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Amy Pybus: Roar of a different sort of tiger mom

A morning water aerobics class at the JFK Middle School pool in 2007. School budget cuts now call for closing the pool on weekends.

GAZETTE FILE PHOTO A morning water aerobics class at the JFK Middle School pool in 2007. School budget cuts now call for closing the pool on weekends. Purchase photo reprints »

I’m not just talking about becoming ever more desperately addicted to coffee and never having time to put on makeup. I’m talking about changes at my core and ways I never would have grown if I didn’t have kids. I am stronger, more convicted in my beliefs and willing (maybe for the first time) to stand up for them.

I don’t think this comes from passing age 40 either, though it helps. I could have continued to be wishy-washy and sweet for the rest of my life if I hadn’t had kids. I recently told one of my friends that you can say or do anything to me and I’ll take it. But if you mess with my kids I will come after you.

I guess my son wasn’t lying in the Mother’s Day poem he wrote where he called me “as strong as a tiger.” I would never, ever think of myself that way, but if he sees that in me, I’ll take it.

When you’re a mother, you have to behave all the time. You have to live the way a good and healthy person should live, so your children can learn how to from you. It would be so much easier to walk away and hide from so many difficult challenges we face every day, but when you are setting an example for someone else, you have to be a grown-up and handle it the right way. Knowing that someone is watching or listening is often what pushes me toward being my best. I can handle a lot of things, but never my sons thinking of me as a fraud.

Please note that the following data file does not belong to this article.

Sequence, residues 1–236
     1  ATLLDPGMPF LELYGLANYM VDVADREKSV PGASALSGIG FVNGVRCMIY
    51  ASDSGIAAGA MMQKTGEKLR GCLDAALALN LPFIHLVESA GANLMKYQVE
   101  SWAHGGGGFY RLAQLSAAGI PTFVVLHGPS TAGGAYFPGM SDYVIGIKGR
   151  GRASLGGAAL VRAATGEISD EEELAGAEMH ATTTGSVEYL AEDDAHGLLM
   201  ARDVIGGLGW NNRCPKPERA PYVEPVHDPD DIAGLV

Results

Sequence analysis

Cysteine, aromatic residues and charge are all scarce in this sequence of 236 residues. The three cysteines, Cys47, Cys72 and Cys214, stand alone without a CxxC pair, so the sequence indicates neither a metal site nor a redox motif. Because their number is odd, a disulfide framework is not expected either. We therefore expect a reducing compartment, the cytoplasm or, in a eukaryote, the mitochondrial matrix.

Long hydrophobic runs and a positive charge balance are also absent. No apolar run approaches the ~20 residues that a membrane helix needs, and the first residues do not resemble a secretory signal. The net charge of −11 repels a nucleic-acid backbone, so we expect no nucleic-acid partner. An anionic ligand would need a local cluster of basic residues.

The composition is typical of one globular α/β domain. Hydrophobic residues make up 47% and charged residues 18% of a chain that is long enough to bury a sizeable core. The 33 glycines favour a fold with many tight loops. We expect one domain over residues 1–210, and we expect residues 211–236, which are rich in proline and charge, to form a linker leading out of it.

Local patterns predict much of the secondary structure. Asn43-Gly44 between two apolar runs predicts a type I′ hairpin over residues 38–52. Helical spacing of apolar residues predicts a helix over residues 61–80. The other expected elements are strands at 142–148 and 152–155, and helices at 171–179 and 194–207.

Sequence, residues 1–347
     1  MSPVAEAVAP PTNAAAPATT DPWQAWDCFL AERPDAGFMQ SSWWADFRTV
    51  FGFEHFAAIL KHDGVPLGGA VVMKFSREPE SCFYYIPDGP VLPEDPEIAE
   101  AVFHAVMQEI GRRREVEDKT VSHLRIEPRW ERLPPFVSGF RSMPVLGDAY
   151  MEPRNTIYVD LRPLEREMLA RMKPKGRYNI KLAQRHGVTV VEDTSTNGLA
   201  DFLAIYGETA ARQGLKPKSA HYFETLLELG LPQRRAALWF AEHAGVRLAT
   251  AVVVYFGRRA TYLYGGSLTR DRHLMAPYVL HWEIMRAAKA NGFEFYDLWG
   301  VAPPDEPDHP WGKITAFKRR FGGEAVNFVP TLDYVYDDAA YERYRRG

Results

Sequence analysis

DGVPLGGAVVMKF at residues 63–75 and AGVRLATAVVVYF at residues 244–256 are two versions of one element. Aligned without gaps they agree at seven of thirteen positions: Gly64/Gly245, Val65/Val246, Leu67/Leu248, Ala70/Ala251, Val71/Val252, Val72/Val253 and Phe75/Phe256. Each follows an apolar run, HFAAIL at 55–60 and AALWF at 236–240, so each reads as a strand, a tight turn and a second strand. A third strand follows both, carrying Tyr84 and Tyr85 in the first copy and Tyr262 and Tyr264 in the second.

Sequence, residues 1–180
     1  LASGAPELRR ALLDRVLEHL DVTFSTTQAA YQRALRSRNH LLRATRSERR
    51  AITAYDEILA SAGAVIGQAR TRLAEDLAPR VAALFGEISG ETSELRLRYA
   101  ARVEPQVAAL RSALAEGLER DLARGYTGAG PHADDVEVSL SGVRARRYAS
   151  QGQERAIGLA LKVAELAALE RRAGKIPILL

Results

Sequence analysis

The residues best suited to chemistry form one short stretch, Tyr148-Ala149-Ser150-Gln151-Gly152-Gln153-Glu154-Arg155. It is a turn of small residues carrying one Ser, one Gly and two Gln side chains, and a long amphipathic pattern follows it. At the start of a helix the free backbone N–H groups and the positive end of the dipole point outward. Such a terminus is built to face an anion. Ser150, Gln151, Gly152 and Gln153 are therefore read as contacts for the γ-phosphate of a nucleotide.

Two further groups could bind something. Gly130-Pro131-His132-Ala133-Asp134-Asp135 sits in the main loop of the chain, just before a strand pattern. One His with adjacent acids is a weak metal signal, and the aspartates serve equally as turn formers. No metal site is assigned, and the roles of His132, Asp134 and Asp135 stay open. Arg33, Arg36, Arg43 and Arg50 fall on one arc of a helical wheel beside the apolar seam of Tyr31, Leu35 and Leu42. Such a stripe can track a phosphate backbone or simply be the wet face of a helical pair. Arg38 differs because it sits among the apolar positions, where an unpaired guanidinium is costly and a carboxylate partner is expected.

I’ll always remember a documentary I once saw by Richard Attenborough about Princess Diana. He said she never lacked the skills to be a public figure, but didn’t at first have confidence and self-esteem. It was when she had her children that she found the strength to be the powerful woman she became. She fought for her children, so hard that even after she passed away they continued to live the way she wanted them to. Even the big bad English monarchy couldn’t deny her wishes. She changed the world because she had children she needed to fight for.

We mothers are out there changing the world every day. I think we deserve more than one Mother’s Day. Such as it is, we get one beautiful day in spring and it is so delightful — being swarmed with extra love and hugs and gifts. The other day on a walk my son touched my back the way an older man would do. Rather than being haunted by the prospect of him growing up, I thought, someday you’ll be a man, but I hope we will always have these moments.

In the past, “treating myself” on Mother’s Day meant getting away, taking a trip or having time for myself. This year, treating myself will mean cheering my heart out on the sidelines of soccer games. Hopefully snuggling on the couch and watching a show or, if they insist, a baseball game. Maybe going for a hike or getting ice cream and laughing our heads off with all the bad boy jokes they make. Settling down at the end of the night to read some Harry Potter and grabbing a little more blanket time, as much as I can.

I will also take a few minutes to pray for other mothers, especially those who are suffering. I will think about how much we actually can make a difference, and reflect on what part I play in that.

Now more than ever I owe a debt to make things better. I know that there are few creatures on earth stronger and more powerful than a mother. My kids made me this way, and I won’t let them down.

Amy Pybus of Easthampton writes on family life issues in a column that appears on the second Thursday of the month. She can be reached at opinion@gazettenet.com and blogs at www.sittingonthebaby.com.

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